Termite control still relies heavily on chemical control; however, there are many measures that you or your pest control professional can use to limit an active infestation.

Mud Tube Removal

Removing mud tubes is required by state law as part of a complete termite control program. Removing all of the tubes provides a way of assessing the effectiveness of a termite treatment or determining during an annual inspection if an infestation has reappeared.

Scraping away mud tubes as the sole means of control is impractical in many cases (such as with slab construction) and probably unwise. The tubes are an indication that termites are active around the house. What remains unknown, even if you inspect the house carefully, is whether termites may be travelling unseen through the voids in a block foundation or through some other gap.

Scraping away termites is an
important part of termite control

Debris Removal

Removal of cellulose debris from the crawlspace is discussed under preventive measures. It should be included in any direct control measures implemented when termites are found infesting the house.

Pathogenic Fungi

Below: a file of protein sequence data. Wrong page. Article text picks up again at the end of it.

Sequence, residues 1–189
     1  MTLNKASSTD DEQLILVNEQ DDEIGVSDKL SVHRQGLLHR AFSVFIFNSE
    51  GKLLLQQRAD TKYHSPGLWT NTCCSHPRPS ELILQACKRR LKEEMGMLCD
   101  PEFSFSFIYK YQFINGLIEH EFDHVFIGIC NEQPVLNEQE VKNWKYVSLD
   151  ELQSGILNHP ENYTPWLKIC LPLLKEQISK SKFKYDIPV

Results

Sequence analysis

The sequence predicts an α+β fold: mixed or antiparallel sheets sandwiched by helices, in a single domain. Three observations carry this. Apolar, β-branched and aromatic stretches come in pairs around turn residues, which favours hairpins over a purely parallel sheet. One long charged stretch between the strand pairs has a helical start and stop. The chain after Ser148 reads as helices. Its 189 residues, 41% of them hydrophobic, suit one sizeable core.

Termites live in an environment that is filled with microorganisms, including many that are pathogenic to the insects. One pathogenic fungus, Metarhizium anisopliae has been developed commercially into a product called Bioblast® (EcoScience Corp.). This product, which contains fungal spores, is applied to aboveground accessible termite infestations. The spores germinate, pentrate the insect's cuticle, then grow inside the body, killing the insect slowly. During grooming, feeding and other activities, the workers can mechanically transfer the fungus to other workers who were not exposed directly to the application. Because the product is limited to aboveground applications, it has not seen significant use for subterranean termites in North Carolina.